Hiring a Contractor

Sometimes it makes sense to hire a pro rather than take on a job yourself. But choosing the wrong contractor can lead to delays, sub par work, and even legal problems. These guidelines will help you choose a professional contractor and ensure a good working relationship.

 

Go with Your Gut

The biggest thing is choosing the right contractor. If somebody says something that’s even an embellishment, it’s enough of a reason not to trust him and move on to the next contractor. You have to trust the contractor 100 percent.

 

Make Sure the Contractor is Licensed

Having a license and insurance demonstrates a contractor’s credibility and knowledge; it shows that contractors have taken an exam and proved they know building codes and processes.

 

Pick a Contractor Who Specializes in Your Project Type

It’s important to research contractors to know if they have experience in a type of project, Today; so many projects are regulated and code-specific that you want someone who knows the details of what’s required.

 

Have a Detailed Contract in Place Before any Work Begins

The contract should cover costs, brands of items being installed, approximate start and finish dates, and the complete set of drawings being used with written specifications.

 

Find out Who’s Performing the Work

Will the person you’re hiring do the work himself, or will it be subcontracted to someone else? It’s nice to know who will be showing up on your doorstep, and large jobs like additions and major kitchen remodels often involve multiple subcontractors, such as electricians and plumbers. General contractors often subcontract specialty jobs, like roofing or vinyl siding, to other pros.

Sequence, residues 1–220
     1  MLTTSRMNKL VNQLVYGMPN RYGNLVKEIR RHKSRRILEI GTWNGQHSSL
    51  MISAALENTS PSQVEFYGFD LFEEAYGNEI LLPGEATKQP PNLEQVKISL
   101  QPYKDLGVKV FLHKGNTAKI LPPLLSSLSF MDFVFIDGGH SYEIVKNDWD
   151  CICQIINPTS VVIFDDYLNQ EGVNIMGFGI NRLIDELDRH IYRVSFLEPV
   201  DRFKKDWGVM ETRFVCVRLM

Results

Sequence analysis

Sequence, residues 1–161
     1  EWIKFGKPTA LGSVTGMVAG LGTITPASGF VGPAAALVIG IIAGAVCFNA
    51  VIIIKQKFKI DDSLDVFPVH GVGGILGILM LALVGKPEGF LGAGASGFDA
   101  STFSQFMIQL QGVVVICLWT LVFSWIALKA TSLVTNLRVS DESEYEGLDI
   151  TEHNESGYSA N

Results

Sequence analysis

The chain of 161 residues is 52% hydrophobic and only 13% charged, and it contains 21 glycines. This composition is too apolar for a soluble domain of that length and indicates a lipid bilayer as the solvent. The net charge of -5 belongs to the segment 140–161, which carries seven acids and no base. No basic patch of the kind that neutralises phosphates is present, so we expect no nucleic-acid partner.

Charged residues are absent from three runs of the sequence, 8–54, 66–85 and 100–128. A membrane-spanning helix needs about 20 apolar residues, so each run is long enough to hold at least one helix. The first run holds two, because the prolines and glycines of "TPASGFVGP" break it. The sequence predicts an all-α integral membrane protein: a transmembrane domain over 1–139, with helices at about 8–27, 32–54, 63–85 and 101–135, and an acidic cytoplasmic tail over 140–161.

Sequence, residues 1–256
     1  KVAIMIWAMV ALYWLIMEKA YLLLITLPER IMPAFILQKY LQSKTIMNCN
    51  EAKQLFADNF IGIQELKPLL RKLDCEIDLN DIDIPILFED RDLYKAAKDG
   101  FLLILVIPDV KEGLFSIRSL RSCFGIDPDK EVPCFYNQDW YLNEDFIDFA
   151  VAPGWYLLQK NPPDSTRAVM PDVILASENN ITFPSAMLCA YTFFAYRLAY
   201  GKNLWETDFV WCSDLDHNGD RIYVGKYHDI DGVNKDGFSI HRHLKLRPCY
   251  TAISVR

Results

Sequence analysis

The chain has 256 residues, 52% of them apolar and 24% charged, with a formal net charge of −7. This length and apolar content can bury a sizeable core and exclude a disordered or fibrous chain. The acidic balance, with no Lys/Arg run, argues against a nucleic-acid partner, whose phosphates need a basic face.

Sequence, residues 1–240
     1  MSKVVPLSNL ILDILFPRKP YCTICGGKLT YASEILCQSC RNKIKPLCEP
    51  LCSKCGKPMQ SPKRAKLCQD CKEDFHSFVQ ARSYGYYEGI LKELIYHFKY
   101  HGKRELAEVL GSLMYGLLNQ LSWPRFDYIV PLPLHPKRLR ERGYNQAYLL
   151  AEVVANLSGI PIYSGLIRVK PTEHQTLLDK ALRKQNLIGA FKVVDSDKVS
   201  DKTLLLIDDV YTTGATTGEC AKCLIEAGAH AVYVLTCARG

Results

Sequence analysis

Give the Contractor Guidelines for Working In or Around Your Home

If you don’t want the workers showing up before a certain time, staying past a certain hour, using your bathroom, or you need to have the project finished by a specific date, tell the contractor before you hire him.

 

Ask About a Mechanic’s Lien

Under the mechanic’s lien laws in some states, anyone who worked on or supplied materials to your project and is not paid can place a lien on your home. This means that even if you pay your contractor, but he doesn’t pay the lumberyard for your materials, you can be liable for that bill. “It’s important for homeowners to understand the lien laws in their state because they vary from state to state.

 

Look at Work Samples

This lets you see a contractor’s handiwork and may spark ideas for your project. “Samples are more important than references; they allow you to see the quality of our work. You can see the designs they came up with and how creative they are.

 

Think Locally

Area contractors who have been in business for a long time are usually reliable and safe bets for projects. If they didn’t do good work in your community, they wouldn’t still be around. The company is involved in the community, the workers are probably local, and if you have a problem later, a local contractor is going to be on top of it.

 

October 8, 2014